Anyone with ADHD should also consider boosting their B vitamin intake. Why? Because this vitamin complex is essential for optimum mood and mental clarity. They might also benefit from topping up vitamins A, C and D, which all play a key role in optimum cognitive function.
The Patchworks Focus Patch contains all these wonder ingredients, plus a unique blend of Nootropics. Nootropics can boost memory, focus, motivation and creativity. Patchworks customer Sarah has ADD and has found the Focus Patch has eased her symptoms.
“I have been using various patches for the last few years and can’t recommend them enough,” she says. “I have ADD, so the Focus Patch has been a god send and really helps me.”
Medication and therapeutic interventions aren’t the only things that can improve life with ADHD. There are also practical tips on how to help with ADHD. For a start:
4. Lists, lists and more lists!
Two classic ADHD traits are inattention and distractibility, so getting organised can prove a challenge. It may sound simple, but introducing structure and deadlines can be a real gamechanger in tackling this. Setting deadlines for everything (even if they are self-imposed) helps to avoid procrastination and creates an organised system. Then, when things get chaotic and overwhelming, there’s something to refer to.
Encouraging ADHD sufferers to break tasks down into smaller steps can also help. They could then use list tools, like daily planners and reminders to record what they need to do. They could take the old school approach and put pen to paper, or use one of the many “to do” apps or task managers out there.
Using a day planner or calendar on a phone, or computer, will help to remember appointments and those all-important deadlines. Studies have shown that colour-coding is very effective for people with ADHD. Get busy with the highlighter and make those lists as colourful and attention-grabbing as possible.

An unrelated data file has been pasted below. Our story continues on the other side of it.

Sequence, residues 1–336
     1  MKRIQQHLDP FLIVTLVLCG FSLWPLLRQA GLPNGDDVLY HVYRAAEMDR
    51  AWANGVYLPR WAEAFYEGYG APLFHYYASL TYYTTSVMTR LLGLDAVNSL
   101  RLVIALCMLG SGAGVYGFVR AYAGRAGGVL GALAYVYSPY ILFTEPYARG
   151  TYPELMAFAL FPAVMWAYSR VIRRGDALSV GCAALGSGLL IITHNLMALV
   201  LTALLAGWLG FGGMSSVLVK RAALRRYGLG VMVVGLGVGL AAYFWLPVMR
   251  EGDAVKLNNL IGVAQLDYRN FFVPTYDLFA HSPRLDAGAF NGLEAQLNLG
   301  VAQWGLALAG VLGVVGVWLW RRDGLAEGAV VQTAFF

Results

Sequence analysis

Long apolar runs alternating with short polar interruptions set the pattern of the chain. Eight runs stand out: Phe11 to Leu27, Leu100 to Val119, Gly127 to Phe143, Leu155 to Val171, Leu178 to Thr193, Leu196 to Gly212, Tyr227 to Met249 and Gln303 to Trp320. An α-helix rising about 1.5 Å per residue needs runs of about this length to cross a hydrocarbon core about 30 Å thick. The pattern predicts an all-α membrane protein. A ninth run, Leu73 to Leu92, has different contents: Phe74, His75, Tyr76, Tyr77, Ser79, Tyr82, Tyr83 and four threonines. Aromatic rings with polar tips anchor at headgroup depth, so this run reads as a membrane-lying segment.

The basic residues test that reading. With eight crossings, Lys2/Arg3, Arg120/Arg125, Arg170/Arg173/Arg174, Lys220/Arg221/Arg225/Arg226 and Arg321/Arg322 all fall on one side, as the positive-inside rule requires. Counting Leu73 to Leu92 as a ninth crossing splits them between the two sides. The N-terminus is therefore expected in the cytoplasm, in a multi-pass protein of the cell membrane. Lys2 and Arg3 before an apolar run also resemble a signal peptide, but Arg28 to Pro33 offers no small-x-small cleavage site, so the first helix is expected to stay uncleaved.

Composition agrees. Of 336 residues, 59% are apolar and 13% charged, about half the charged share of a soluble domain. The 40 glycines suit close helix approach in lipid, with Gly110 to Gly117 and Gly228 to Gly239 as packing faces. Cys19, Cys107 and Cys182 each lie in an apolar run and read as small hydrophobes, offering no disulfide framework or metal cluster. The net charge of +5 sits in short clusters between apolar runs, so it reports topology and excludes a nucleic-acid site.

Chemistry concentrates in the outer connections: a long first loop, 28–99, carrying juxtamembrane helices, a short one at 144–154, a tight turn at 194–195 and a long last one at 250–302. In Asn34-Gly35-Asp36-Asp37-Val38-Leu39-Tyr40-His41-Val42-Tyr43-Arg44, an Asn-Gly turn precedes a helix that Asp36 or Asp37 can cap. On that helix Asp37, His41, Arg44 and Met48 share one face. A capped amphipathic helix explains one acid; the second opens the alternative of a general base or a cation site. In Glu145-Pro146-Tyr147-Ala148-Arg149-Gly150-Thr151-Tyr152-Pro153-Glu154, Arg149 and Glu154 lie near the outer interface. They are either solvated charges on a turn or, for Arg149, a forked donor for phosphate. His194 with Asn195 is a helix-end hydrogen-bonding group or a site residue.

5. Choosing the right foods:
Food, glorious food, it’s such a huge part of our lives, especially when getting social with friends, family, and colleagues. But if you want to help with ADHD, learning about which foods are best avoided is a must.
Evidence has shown that excessive sugar, artificial colours, caffeine, honey, white rice, white flour, and high-fructose corn syrup can all exacerbate the symptoms of ADHD. So, make sure fizzy drinks and foods with these ingredients are off the menu.
Some ADHD sufferers find frozen fruit and vegetables, and fish with a high mercury content can also worsen how they feel. If in doubt, it’s always best to ask which foods are problematic for that person. If it’s a family member, encourage them to keep a diary of what they eat and how they feel, to help identify trigger foods.
So what should you be serving up? Brain food is where it’s at. High protein foods such as beans, eggs and nuts can all be beneficial to concentration. You should also include complex carbs, such as oranges, pears, apples and kiwi. If eaten in the evening, they can promote sleep. Omega-3 fatty acids in diet, as well as taking a supplement, is a very good idea. So a delicious tuna niçoise, or grilled mackerel are an excellent main course choice for an ADHD dinner guest. Bon Appetit.
The likelihood of getting a child to eat some of these super foods is slim to none. Especially if they have ADHD and ASD, which can make kids picky about what they eat. If this is a concern, the Patchworks Kids Multivitamin Plus Patch is packed with over 20 essential vitamins and minerals AND that all important Omega-3. Easy peasy!